Jeanne Bliss on How to Manage a Customer Service Operation

Dec 10, 2014
8 Min Read

I spoke to Jeanne Bliss, who is a customer experience expert. As the Customer Leadership Executive for five large U.S. market leaders, Jeanne fought valiantly to get the customer on the strategic agenda, redirecting priorities and creating transformational changes to the brands’ customer loyalty. She has driven achievement of 95 percent loyalty rates, changing customer experiences across 50,000-person organizations. Jeanne developed her passion for customer loyalty at Lands’ End, Inc., where she reported to the company’s founder and executive committee as leader for the Lands’ End customer experience. She was Senior Vice President of Franchise Services for Coldwell Banker Corporation. Jeanne served Allstate Corporation as its chief officer for customer loyalty & retention. She was Microsoft Corporation’s General Manager of Worldwide Customer & Partner Loyalty. At Mazda Motor of America she initiated the brand’s retention effort. In the following brief interview, Bliss talks about  the biggest customer service issues she's seen, ways to turn angry customers into loyal ones, how she managed service requests and more.

Dan Schawbel: You've worked at a lot of companies in customer focused roles. What are some of the biggest customer service issues you've faced in your experience?

Jeanne Bliss: The biggest issues come from the right hand and the left hand of an organization not coordinating their efforts. A frustrated customer calls or emails, then that person gets passed around, as each area moves them to another area. Then once someone commits to helping, there are multiple layers of approval. This is happening around the world with great regularity. Customer hot potato. Customers leave because of it.

Schawbel: What are some ways to turn angry customers into loyal ones?

Bliss: First, “own” the customers’ experience. Start by asking about the customers’ life and what happened.  Don’t start with the policy number or order number or begin by spelling out the policies that prevent the customer being helped. Care about the customer. For real. Then solve the problem. And apologize. People want to hear the words that you are sorry that the customer had a disappointing experience. Then follow up.

Schawbel: At Lands' End, for example, how did you manage customer service requests from issue to resolution? Was this different than at other companies you worked for like Allstate?

Bliss: Lands’ End was grown from the ground up with a commitment to believing in and supporting the people who helped customers. Our operators (about 2000 at the time) did not have talk time. We coached them to deliver an experience. They were given tools and training but then were trusted. It’s important to note that this business was retail – without the complexity of insurance.

The insurance industry is working hard at turning itself into a customer focused operation and Allstate is one of those companies working hard at that. There are many more rules and policies in industries with government regulations. But with all my clients in these types of industries, the goal is to elevate the person who talks to the customer as the “navigator” — someone who navigates the customer through the complexity. Unfortunately that sometimes means the customer doesn’t get everything he or she wants, but they feel that they have been listened to and honored.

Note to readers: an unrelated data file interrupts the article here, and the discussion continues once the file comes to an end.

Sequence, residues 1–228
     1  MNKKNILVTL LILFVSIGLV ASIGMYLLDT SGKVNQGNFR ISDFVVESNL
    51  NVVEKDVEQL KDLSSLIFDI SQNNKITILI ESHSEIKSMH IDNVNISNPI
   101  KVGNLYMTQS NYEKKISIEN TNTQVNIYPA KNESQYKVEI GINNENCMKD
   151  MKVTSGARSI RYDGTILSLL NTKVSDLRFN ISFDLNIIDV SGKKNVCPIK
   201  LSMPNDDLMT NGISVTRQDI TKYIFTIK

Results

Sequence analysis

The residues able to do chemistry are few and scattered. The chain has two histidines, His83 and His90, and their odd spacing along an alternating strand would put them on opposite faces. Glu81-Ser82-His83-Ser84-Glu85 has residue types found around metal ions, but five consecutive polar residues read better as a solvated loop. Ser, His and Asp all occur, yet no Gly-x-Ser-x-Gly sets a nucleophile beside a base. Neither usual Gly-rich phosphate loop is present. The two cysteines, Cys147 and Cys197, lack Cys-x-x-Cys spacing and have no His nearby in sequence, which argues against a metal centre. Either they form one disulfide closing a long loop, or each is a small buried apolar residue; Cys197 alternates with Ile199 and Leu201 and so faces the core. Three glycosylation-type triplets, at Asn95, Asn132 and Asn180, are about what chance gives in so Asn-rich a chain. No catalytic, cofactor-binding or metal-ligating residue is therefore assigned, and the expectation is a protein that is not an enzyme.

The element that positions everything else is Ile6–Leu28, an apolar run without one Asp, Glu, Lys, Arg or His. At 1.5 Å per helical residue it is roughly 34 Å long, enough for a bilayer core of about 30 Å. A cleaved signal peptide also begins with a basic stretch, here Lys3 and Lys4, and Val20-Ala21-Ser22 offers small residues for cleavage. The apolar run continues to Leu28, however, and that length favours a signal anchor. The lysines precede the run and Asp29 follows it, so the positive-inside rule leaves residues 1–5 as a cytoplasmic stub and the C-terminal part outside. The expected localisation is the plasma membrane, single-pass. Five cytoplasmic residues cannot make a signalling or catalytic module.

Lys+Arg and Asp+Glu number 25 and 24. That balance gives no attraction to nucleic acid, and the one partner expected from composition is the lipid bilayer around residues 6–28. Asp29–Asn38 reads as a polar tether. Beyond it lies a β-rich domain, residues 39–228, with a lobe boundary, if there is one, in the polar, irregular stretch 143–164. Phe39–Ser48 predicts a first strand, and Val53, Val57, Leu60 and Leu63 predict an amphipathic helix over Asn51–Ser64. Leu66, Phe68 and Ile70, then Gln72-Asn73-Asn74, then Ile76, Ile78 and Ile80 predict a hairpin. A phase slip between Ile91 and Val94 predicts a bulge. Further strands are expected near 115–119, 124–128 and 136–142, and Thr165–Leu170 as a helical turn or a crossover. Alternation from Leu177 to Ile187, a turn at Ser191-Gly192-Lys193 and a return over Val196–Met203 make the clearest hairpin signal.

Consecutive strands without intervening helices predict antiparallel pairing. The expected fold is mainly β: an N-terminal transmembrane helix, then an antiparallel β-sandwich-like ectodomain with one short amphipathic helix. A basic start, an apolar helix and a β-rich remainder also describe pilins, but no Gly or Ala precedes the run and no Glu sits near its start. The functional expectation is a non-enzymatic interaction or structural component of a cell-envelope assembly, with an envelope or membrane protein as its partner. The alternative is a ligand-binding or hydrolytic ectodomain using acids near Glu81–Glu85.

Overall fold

Schawbel: What do most companies get wrong about customer service and how should they correct it?

Bliss: Most companies think of the work as ‘customer service’ which is reactive – problem solving after something has gone wrong. We are focusing with clients on “Customer Experience” - meaning to be deliberate in connecting the silos to delver an experience across the customer journey. Customer service is part of the journey but it is only the reactive part.

Schawbel: What have been some of the innovations in the customer service world and what tools are companies using these days to handle this change?

Bliss: Regarding specifically helping customers in distress, companies are changing the rigor on the metrics that only align to internally driven operational goals, such as talk time. Instead, they are starting with who they hire in terms of personality, empathy – then they train to skill. They are coaching now to improve the outcome of the experience versus comply with those operational metrics.

Regarding the more holistic customer experience work – we are seeing this embraced with vigor around the world as companies (finally) realize that the entire experience is the brand and that being reliable is the only real way to earn word of mouth. That said, this work can be considered early days.  But we have executive attention and are gaining traction because we can connect this work directly to business growth.

Schawbel: How can a customer service department be more proactive instead of reactive?

Bliss: Here’s one thing Customer Service departments can put into practice right away to help their frontline and customers:

Sit with the frontline and inventory the major reasons they often need to get permission. Rather than making them go through that step, work through their options at those moments. Train them and let the frontline be the judge of picking the correct option.

Schawbel: How can companies best hire for a customer support team so they best fit into the culture?


  • Hire for values and personality first.
  • Model the behavior from your best folks and watch someone take calls to see if they model the same behavior.
  • Do a ‘customer service tryout’ where someone comes on for 1 week as a trial.

Speaking of trials, you can try Intuit QuickBase for customer service free for 30 days.

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